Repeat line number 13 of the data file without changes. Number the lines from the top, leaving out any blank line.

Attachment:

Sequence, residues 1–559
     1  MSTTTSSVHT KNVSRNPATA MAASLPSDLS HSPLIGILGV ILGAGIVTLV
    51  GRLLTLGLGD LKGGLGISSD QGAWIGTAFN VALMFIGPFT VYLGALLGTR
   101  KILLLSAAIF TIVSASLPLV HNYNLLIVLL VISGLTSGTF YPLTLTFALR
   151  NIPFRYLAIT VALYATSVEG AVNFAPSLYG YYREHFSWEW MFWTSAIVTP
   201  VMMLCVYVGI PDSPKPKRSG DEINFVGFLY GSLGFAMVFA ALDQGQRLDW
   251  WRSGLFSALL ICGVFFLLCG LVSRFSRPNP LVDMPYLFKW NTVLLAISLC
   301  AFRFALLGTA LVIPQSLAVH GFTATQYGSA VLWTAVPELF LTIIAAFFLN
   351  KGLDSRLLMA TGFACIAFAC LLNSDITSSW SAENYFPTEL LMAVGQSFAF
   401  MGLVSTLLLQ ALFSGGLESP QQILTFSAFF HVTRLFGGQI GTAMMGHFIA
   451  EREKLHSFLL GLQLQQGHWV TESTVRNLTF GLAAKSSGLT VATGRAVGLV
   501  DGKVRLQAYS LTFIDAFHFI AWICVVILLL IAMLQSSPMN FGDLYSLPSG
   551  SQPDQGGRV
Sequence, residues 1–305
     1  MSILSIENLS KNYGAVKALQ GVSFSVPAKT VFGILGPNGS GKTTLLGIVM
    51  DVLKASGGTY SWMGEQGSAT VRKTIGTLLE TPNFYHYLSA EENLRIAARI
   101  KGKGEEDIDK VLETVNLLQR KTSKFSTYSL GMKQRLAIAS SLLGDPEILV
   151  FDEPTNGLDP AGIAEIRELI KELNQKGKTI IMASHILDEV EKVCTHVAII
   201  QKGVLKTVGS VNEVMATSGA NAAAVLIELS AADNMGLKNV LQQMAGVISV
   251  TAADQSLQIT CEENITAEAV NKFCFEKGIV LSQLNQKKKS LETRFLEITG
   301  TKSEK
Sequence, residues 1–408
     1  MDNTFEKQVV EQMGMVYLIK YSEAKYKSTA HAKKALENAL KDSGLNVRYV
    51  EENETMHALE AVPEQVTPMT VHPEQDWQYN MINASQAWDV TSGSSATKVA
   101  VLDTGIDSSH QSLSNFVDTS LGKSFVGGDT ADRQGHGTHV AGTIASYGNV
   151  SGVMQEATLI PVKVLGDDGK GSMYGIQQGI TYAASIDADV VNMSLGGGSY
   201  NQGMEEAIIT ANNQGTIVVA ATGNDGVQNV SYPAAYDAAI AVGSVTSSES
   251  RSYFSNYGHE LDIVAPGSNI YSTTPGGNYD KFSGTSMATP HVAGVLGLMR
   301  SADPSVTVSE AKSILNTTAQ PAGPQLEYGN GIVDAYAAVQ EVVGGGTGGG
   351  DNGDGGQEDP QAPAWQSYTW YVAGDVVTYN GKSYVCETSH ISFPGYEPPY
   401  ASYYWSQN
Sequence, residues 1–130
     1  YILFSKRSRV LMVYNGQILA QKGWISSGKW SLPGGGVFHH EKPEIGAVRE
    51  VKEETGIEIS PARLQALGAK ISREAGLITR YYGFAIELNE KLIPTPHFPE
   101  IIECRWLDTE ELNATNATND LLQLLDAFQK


   551  SQPDQGGRV